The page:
Livestock producers in one region of Mindanao now have access to two new feed mills so they can produce their own animal feeds.
The high cost of livestock feeds and low returns have been squeezing farmers — particularly those producing pigs — in the Caraga region of the Philippines, but a solution to ease their difficulties is being provided by the local Department of Agriculture (DA), reports the Philippine Information Agency.
Farmers in Caraga in the northeast of the island of Mindanao will be able to produce their own feeds at one of two feed milling facilities — in Socorro in the province of Surigao del Norte, and Tago in Surigao del Sur. The Socorro location is already in operation, and that in Tago is scheduled to open in August.
Each of the locations is equipped with a combined hammer mill, mixer and pellet press, as well as a vacuum dryer, mini-mixer and soybean extruder. Training days have been held by the equipment suppliers, and the Agricultural Training Institute has provided guidance to the farmers on feed formulation.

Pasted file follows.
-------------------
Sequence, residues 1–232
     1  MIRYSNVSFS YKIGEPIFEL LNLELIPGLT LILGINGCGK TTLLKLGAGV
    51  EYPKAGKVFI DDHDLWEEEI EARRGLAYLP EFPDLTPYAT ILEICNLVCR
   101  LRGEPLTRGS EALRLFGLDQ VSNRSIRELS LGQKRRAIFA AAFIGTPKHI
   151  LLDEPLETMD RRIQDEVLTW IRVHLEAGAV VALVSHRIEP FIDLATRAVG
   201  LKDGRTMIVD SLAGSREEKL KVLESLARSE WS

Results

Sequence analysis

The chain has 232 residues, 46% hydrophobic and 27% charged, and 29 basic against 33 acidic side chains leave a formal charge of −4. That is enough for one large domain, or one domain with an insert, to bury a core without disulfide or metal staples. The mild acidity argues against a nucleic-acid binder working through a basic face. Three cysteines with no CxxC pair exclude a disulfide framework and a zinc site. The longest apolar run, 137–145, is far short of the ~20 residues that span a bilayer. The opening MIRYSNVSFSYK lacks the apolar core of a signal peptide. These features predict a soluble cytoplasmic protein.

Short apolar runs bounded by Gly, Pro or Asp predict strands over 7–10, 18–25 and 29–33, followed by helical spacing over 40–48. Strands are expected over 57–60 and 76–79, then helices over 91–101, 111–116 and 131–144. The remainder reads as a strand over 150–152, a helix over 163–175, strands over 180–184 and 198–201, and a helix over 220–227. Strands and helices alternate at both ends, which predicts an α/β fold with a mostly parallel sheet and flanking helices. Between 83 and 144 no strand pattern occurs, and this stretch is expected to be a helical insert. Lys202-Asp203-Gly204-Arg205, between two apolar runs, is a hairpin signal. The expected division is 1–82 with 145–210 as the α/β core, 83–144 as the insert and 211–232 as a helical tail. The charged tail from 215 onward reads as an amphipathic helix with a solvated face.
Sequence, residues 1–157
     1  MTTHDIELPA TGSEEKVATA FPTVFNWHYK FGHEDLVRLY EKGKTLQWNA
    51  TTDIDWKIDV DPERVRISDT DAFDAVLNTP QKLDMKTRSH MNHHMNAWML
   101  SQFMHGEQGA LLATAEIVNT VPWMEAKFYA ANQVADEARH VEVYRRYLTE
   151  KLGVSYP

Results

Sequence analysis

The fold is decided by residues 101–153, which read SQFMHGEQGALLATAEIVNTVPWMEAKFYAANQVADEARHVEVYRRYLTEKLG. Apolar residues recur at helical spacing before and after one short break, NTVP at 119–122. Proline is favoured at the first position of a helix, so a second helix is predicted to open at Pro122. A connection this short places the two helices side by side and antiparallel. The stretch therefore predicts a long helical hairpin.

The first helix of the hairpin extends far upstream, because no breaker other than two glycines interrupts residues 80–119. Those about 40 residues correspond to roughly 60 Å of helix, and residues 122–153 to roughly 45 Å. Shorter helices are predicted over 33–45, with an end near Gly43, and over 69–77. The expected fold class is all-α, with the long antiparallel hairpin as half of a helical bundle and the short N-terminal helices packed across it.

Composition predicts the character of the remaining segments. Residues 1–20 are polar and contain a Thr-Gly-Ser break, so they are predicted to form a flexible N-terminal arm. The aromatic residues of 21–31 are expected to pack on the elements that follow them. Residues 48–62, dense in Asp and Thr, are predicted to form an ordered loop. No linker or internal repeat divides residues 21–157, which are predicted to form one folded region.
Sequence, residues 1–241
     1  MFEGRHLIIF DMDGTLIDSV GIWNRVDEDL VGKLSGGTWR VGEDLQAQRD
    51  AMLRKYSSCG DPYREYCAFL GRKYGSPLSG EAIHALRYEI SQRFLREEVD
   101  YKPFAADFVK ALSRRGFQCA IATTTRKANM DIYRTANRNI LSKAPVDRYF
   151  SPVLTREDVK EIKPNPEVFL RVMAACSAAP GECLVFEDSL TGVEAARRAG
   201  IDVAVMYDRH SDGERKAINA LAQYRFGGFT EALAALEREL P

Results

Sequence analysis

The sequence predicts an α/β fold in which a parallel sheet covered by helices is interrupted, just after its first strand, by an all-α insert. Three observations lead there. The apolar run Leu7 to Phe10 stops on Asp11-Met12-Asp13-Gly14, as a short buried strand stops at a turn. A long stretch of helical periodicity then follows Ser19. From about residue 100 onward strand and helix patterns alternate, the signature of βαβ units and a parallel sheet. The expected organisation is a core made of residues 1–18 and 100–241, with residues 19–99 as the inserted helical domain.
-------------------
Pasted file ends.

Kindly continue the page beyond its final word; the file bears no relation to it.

Livestock numbers have been declining in the area in recent years, a trend that has been blamed on the diminishing margins for livestock production in Caraga. This is despite the wide availability of locally grown corn, cassava and soybean meal.
The DA is making the feed milling facilities available to the region’s multiplier farms, which are focused on the production of native breeds of chickens, pigs and goats. Based on strong local demand and the animals being resilient to local climatic and conditions and husbandry, the DA began a project to increase the numbers reared in the region. Seventeen multipliers for chickens, nine for goats, and four for swine were set up in 2017, and are now selling animals to local livestock farmers.
Crop farmers in the same region of the Philippines are being encouraged by the DA to grow sorghum and soybeans to supplement local corn for animal feeds, and help meet growing domestic demand for meat and other animal proteins.
A good source of energy and protein, sorghum is more drought tolerant and requires less water to cultivate than corn, and it can be harvested three times each year. Yields and functional properties of different varieties of soybean are also being tested in Caraga.